What are Tunable Resonators, and What do They Have to do With Filters and Oscillators? Part 1
A tunable resonator is a device used either to generate RF frequencies or select specific frequencies from a signal. It exhibits resonance in that it naturally oscillates at frequencies known as resonant frequencies. These oscillations can be either electromagnetic or mechanical. Tunable resonators are used in a wide range of radio devices, specifically tunable radios, test equipment, and frequency agile radar.
Types of Resonators
Resonators are key to the performance of oscillators and filters. The types of common resonators include transmission line and coaxial resonators, dielectric, crystal, ceramic, surface acoustic wave (SAW), bulk acoustic wave (BAW), and yttrium iron garnet (YIG).
Inductor/Capacitor (LC) Tank Circuit Resonator Example
Using a simple crystal radio as an example, the inductor/capacitor (LC) oscillator acts as the tuner for the radio. When radio signals are received that match the resonant frequency of the LC resonator circuit, they pass through with relatively low resistance. However, frequencies outside of the resonant frequency of the LC circuit are heavily attenuated. In this example, either the capacitor or the inductor in the resonator is adjustable so that when the tuner knob on the radio is turned, a variable element is adjusted which changes the resonant frequency of the resonator. Most RF and microwave filters are made up of one or more coupled resonators; the quality factor, or Q factor, of the resonator will determine the selectivity the filter can achieve.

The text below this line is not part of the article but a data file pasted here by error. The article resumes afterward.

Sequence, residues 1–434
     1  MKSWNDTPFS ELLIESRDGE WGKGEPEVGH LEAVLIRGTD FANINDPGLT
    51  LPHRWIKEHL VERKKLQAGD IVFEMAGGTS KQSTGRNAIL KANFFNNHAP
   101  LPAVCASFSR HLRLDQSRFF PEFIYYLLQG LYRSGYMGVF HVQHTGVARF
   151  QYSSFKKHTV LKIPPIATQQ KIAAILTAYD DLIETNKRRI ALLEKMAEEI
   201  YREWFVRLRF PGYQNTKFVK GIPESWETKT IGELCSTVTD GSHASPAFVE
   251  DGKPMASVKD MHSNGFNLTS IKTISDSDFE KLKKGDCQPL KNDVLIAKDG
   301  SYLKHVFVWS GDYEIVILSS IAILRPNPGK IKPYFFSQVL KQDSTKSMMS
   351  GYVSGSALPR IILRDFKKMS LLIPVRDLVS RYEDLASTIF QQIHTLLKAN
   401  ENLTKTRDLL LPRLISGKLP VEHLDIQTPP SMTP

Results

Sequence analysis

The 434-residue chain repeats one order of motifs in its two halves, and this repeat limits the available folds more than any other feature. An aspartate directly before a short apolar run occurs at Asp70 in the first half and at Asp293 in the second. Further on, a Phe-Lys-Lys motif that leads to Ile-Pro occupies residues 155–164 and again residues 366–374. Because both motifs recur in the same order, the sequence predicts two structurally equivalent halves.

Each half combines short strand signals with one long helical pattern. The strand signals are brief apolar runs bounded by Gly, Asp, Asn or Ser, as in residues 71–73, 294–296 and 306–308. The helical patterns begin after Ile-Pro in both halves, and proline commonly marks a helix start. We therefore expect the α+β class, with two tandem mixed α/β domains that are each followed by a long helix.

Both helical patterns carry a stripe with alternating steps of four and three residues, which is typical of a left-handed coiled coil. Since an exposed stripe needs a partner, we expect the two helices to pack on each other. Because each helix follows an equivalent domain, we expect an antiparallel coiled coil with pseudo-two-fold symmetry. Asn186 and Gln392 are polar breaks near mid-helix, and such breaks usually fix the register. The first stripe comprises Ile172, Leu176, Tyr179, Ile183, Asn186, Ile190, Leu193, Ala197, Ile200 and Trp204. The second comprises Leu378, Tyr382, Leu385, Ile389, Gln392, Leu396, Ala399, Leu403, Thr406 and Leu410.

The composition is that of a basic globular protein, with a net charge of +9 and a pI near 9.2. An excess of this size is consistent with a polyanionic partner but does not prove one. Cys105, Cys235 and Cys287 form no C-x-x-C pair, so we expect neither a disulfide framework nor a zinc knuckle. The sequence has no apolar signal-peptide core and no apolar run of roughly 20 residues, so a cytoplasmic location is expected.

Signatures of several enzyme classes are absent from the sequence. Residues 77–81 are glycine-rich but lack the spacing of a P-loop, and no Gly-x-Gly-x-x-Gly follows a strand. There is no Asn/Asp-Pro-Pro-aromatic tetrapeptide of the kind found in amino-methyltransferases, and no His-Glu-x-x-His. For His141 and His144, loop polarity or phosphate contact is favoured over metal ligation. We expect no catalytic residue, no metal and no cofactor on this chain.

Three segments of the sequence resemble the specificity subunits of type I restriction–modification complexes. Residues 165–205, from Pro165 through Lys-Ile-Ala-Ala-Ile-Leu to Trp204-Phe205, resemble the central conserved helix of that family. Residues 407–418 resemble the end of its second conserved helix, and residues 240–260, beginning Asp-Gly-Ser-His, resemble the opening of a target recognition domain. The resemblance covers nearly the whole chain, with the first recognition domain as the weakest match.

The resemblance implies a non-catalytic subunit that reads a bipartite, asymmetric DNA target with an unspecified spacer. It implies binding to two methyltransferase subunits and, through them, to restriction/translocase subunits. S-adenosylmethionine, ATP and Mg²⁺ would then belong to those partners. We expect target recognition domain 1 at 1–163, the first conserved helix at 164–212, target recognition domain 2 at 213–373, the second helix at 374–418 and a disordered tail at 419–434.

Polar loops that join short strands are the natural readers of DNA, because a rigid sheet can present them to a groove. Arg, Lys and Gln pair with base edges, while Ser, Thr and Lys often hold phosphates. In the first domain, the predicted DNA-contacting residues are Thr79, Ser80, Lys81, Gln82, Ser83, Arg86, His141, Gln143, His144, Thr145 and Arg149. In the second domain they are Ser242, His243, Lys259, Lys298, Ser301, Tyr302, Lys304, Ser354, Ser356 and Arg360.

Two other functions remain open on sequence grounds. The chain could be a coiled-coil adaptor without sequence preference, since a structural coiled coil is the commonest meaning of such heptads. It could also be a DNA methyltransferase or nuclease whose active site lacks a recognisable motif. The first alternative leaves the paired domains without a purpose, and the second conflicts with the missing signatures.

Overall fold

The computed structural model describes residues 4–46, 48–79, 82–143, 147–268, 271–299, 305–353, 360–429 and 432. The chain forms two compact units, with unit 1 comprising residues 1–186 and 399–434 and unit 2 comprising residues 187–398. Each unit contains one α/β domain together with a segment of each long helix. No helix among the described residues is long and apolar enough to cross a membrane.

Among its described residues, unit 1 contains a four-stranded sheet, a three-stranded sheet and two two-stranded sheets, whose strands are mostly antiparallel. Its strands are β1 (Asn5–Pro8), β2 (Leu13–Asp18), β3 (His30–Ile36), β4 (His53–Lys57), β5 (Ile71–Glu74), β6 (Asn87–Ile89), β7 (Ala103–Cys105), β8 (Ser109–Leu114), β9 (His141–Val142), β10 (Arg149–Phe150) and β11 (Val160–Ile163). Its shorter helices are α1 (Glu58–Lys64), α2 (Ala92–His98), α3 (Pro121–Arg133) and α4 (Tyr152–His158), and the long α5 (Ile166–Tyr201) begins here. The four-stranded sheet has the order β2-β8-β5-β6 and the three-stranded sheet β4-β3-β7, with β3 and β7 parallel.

Transmission Line Resonators and Coaxial Resonators
Transmission lines are structures that allow broadband transmission of electromagnetic waves at radio or microwave frequencies. Due to the nature of transmission lines, a section of transmission line can be selected to resonate at a particular frequency, and in essence, function as a tuned LC circuit with a very high Q factor. Planar transmission line resonators are used in coplanar, stripline, and microstrip transmission lines, can be compact in size, and are used in microwave circuitry. Coaxial resonators are used in voltage-controlled oscillators (VCOs), coaxial-resonator oscillators (CROs), and filter components. These resonators are used as components in oscillators, bandpass/bandstop filters, and electromagnetic-interference (EMI) filtering.
A dielectric resonator is a piece of nonconductive material, usually ceramic, designed to function as a resonator in the microwave and millimeter wave bands. The EM waves are confined inside the resonator by the rapid change in permittivity at the surface and bounce back and forth between the sides. At the resonant frequencies, the EM energy forms standing waves in the resonator, oscillating with large amplitudes. This resonant frequency is determined by the physical dimensions of the resonator and the dielectric constant of the material. Dielectric resonators can replace resonant cavities in components, such as filters and oscillators, and have a high εr value that provides an advantage in compact design. This type of resonator confines the EM fields which allows for only a small amount of loss while providing a high Q factor to be achieved. The main use for this type of resonator is in millimeter-wave electronic oscillators to control the frequency of the radio waves or as bandpass filters and antennas.